Sixth Grade Class Works to Restore Old Electric Football Toy
By Caleb Schneider
“This is so awesome!” said the sixth grade teacher Mr. Derrick Gross about his class’ new football field.
Electric football, vibrating football, or miniature football are all names for one game. Yes, it is a football game, but it is much more. It is a strategy game.
Electric football is a board game that vibrates when you turn it on. There are small players that have little teeth, called prongs, coming out of the bottom of their bases. This is what determines the direction they move when the motor is turned on and the game vibrates. To move the ball you have to set up a formation, designate a player to carry the ball or catch a pass, and align a blocking scheme that will allow your offense to gain yards against a defense that is trying to stop you, just like real football! When both teams are lined up you turn the game on and it starts to vibrate. The players start to move and they keep going until the player with the ball is tackled, scores, or runs out of bounds.
The sixth grade class at Northome Elementary School is rebuilding one of these games. Their teacher Mr. Gross bought the game on eBay. It wasn’t in the best condition when it arrived; in fact, it was severely damaged and didn’t work. The sixth graders are not only rebuilding it, they are replacing all of the broken parts, and adding a few custom improvements.
Mr. Gross introduced his class to miniature football. He owns a few of these games and brought them in for the class to see and play with. “The kids really took to the game,” said Gross, “So I decided to make use of a bad eBay transaction.”
One thing they are upgrading are the flags. The flags fly over the stadium. There Is supposed to be sixteen flags; one for each of the teams who were playing in the NFL when the board was new in the 1950’s. The few flags that survived are all worn and don’t have their original color. The students have made new flag poles and with the help of the art teacher are making new flags using graphic arts software.
Another part that they will have to replace is the playing surface. The original field is wood covered with paper but both had water damage. Mr. Gross knows a guy that designs custom field covers. Right now he is having a new cover printed for the field. The new cover has all of field numbers and end zones. It looks just like the original only is much more detailed; right down to the blades of grass. The players also needed to be replaced. The class is getting some and plan to paint them by hand themselves. They are going to acquire them from eBay and some other guys Mr. Gross knows who do miniature football as a hobby.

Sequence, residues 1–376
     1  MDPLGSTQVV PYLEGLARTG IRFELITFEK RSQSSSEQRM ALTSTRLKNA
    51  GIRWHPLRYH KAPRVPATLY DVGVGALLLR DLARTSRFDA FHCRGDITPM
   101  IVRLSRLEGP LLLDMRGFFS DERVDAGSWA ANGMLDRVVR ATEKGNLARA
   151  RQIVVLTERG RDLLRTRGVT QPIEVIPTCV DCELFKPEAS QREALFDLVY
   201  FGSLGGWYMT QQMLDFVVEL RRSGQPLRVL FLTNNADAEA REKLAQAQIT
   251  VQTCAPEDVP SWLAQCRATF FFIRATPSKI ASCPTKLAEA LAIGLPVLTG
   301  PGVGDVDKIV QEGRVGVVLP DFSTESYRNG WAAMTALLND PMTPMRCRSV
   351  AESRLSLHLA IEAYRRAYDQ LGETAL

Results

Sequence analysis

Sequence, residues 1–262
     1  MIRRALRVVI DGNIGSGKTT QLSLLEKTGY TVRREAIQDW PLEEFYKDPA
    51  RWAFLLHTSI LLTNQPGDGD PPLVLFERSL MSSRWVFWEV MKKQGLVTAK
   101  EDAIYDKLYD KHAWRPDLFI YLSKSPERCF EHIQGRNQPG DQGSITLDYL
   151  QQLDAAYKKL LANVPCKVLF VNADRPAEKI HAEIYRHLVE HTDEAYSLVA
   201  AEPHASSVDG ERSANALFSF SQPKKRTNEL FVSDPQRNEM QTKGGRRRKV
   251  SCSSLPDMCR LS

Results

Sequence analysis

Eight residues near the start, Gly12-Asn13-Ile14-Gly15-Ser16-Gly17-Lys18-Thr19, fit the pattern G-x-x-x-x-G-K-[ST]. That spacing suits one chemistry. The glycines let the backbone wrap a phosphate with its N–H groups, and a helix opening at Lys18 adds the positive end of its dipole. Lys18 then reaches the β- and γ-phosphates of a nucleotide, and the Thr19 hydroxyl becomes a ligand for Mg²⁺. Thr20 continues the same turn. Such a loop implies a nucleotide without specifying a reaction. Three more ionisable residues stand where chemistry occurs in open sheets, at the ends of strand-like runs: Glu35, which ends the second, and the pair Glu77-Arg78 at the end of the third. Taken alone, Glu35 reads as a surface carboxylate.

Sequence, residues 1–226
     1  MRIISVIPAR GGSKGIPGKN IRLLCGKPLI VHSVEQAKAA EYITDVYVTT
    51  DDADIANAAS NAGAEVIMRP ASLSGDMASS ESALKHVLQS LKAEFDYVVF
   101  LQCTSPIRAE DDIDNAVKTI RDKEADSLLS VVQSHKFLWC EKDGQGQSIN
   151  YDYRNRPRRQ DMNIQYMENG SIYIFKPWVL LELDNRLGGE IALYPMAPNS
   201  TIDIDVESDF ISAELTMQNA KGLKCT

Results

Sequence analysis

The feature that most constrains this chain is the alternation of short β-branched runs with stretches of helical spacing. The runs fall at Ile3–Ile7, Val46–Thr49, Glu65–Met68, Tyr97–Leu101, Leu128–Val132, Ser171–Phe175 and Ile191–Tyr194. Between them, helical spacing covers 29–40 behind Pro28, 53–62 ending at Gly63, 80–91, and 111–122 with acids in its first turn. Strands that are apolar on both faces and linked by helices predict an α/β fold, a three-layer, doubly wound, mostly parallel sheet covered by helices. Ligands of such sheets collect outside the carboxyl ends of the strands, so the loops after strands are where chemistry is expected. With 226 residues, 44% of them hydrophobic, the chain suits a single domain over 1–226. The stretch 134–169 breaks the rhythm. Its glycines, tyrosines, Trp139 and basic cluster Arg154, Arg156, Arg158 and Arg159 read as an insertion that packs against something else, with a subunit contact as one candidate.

The class hopes to be done with the stadium this week so that they can start their work on the flags and figures. So far they have sanded the wood and are in the process of cleaning, polishing, and waxing all the metal. They had to clean all of the parts to the field using everything from graffitte romover to WD-40.
The class is learning a lot during the reconstruction. For example, they learned that when some cleaning supplies are mixed, bad things can happen! They are leaning how to paint very small yet life like figures, apply the cover without leaving any bubbles or wrinkles, and about how the vibrations of the motor actually work to move the figures. This is necessary to learn because they even had to clean, repair, and remount the motor which had fallen off in shipping.
The class also found out why the board has dead zones. They found out that the whole board vibrates but there can be spots that don’t have as much vibrates or any at all. These can be minimized by remounting the motor in the ideal position. The class is leaning about wave actions in order to help find that perfect spot. They are also having to do a lot of things that they hadn’t planned and prepared for like removing dents, grinding rust, and rebuilding scoreboard dials.
In addition, the class is writing a daily journal of what they do when they go to work on the project. Each time they work two kids are assigned to take pictures and write about the work done that day. At the end of the week each student has to write captions for a couple of the pictures that were taken. After the students complete their writing Mr. Gross helps them edit their work and publishes it on the internet. The website is http://www.miniaturefootball.com and is home to the Miniature Football Coaches Association (MFCA). To see the students’ journal and pictures of their progress go to the forum and find the thread titled Miniature Football Class Project.
That’s right, there is an association of dedicated and talented people that love miniature football so much they started their own association. There are actual leagues and Mr. Gross is part of it all.
The Miniature Football Coaches Association is a 501c7 not-for-profit organization the purpose of which is to promote the hobby of miniature football and to encourage participation of coaches across the country. Its motto is, “Unity, Integrity and Fellowship.”
The class is hoping to get done with everything by the end of April so they have time to set up their own league and play actual games on their newly refurbished board. “We’ll bring some math in to this as well,” said Mr. Gross. “The kids will have to keep statistics if they want to play games.”